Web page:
emission tomography (FDG-PET) has been shown to have a high negative predicative value for mediastinal staging pre-operatively. The FDG is taken up preferentially by dividing tumour cells rather than inflammatory cells. A negative PET scan is 95% correct for negative mediastinal nodes and the patient can be advised to proceed to surgery. As other inflammatory conditions, such as tuberculosis and sarcoid, can take up FDG, a positive PET scan requires further invasive investigation before the patient is deemed unsuitable for surgery. TREATMENT SURGERY Surgical resection represents the only treatment that is likely to offer the NSCLC patient the possibility of long-term survival of over 5 years. Surgery for smallcell carcinoma is unlikely to be curative. Patients with tumours of stage IIb or lower are amenable to surgery if their FEV1 is > 1.5 l for a lobectomy or 2.0 l for a pneumonectomy. For borderline cases further assessment with shuttle tests (see Chapter 4, page 24) and VQ scanning can help to predict postoperative morbidity. Only 5–10% patients in the UK are referred for surgical resection. With the advent of the MDT it is hoped that this figure will be nearer 15% as more patients are discussed with the surgeons. However, it is sadly the case that, for whatever reason, most patients present to their GP/hospital with advanced lung cancer that is inoperable at presentation. RADIOTHERAPY Radiotherapy can be given in the radical (curative) setting or for symptom control (palliative). Radical radiotherapy can be given to patients with localized NSCLC who are medically unfit for surgery or who do not want surgery. Squamous cell carcinomas are generally more radiosensitive than adenocarcinomas. Radical radiotherapy is now mapped in 3-D on special CT scans to minimize damage to normal lung and surrounding structures. Up to 60 Gray is given in 4–6-week courses. Five-year survival is not as good as with surgery. A recent study has shown that giving the radiotherapy three times a day for a continuous period of 12 days (including weekends) has improved survival compared to the standard once daily, 5 days a week, treatment. Unfortunately, lack of resources means that this is not standard treatment in the UK. Radiotherapy can be given after surgery if the resection margins are positive or N3 nodes were found at operation. This prevents local disease relapse but does not improve survival. There is no role for pre-operative radiotherapy.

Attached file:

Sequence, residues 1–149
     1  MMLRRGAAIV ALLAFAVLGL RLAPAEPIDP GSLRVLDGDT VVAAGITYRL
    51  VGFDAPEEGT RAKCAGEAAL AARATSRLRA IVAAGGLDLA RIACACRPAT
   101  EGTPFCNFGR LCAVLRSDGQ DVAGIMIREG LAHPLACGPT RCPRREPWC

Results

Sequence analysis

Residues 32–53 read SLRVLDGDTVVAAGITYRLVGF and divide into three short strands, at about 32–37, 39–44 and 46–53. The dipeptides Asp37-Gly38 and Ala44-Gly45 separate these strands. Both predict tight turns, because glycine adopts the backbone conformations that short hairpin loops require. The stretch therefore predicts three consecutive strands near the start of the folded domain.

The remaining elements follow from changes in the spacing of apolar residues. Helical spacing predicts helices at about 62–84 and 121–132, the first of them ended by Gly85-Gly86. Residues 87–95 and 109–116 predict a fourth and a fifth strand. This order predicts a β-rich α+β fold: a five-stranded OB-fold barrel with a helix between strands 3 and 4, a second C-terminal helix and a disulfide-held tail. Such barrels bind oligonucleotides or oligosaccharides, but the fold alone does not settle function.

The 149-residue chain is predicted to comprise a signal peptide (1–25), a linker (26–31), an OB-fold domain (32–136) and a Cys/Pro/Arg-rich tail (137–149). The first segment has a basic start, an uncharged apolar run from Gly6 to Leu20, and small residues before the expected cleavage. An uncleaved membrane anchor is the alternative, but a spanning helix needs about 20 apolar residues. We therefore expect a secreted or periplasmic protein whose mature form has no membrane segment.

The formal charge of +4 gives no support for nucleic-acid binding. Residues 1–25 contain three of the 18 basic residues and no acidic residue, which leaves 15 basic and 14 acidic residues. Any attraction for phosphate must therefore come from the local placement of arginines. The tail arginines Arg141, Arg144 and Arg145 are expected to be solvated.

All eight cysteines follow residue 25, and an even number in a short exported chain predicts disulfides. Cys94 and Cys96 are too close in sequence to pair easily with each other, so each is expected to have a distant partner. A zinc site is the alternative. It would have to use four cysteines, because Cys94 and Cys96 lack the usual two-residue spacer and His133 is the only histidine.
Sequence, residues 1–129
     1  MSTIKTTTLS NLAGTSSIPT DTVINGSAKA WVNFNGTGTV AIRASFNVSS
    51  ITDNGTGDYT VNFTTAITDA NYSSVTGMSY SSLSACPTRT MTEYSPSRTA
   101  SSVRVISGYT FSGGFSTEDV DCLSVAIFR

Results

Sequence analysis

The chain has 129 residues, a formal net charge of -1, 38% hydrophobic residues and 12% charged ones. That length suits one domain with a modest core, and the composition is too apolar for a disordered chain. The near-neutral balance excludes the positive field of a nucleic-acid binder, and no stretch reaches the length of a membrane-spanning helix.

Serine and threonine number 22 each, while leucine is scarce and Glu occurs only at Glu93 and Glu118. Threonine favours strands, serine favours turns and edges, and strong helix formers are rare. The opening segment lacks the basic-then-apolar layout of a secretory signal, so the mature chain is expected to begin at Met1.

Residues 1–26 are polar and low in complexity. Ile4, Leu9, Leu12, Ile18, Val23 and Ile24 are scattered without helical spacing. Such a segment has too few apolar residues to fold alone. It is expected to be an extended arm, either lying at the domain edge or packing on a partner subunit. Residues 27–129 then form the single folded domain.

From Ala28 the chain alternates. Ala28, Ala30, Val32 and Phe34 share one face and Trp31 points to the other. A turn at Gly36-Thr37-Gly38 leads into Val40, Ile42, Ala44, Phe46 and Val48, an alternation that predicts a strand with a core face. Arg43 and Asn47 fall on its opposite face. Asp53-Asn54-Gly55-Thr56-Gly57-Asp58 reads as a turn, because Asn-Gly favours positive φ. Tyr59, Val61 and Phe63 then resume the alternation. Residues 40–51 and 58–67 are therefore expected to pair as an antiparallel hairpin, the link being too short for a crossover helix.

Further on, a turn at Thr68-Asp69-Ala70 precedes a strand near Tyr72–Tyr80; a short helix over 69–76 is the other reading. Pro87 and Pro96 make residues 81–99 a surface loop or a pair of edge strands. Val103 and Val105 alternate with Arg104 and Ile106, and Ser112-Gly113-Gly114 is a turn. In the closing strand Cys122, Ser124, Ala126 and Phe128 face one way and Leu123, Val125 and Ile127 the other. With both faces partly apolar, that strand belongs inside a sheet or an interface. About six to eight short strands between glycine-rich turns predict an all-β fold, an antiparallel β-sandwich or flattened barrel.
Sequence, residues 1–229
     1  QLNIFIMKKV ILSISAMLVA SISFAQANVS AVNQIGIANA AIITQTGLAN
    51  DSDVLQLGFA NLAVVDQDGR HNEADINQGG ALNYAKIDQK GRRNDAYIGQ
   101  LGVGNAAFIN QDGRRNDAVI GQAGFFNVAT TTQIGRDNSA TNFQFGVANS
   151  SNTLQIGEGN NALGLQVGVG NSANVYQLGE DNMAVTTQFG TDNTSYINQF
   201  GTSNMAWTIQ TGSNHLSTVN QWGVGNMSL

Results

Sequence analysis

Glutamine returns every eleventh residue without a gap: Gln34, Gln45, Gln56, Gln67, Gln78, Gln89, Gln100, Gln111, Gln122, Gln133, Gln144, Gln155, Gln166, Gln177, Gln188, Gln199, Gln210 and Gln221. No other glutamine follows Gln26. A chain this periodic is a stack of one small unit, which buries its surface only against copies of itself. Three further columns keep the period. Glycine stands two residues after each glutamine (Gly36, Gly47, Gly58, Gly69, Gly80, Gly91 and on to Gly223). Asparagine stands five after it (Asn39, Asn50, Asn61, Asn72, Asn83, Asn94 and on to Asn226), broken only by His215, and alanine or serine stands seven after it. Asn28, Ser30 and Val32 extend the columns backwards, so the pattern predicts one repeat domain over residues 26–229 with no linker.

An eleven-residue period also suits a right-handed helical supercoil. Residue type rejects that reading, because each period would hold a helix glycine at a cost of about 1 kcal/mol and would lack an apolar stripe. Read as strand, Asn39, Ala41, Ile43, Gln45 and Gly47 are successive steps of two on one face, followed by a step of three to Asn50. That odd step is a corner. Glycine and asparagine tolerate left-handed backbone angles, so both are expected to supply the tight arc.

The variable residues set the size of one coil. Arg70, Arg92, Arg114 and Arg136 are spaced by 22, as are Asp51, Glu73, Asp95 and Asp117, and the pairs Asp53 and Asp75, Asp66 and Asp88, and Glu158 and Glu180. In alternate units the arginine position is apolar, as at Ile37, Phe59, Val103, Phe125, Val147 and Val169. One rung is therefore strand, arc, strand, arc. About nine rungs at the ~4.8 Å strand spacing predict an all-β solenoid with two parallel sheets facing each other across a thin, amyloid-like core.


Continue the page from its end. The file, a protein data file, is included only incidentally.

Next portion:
Table 14 ‘TNM’ classification Primary tumour (T)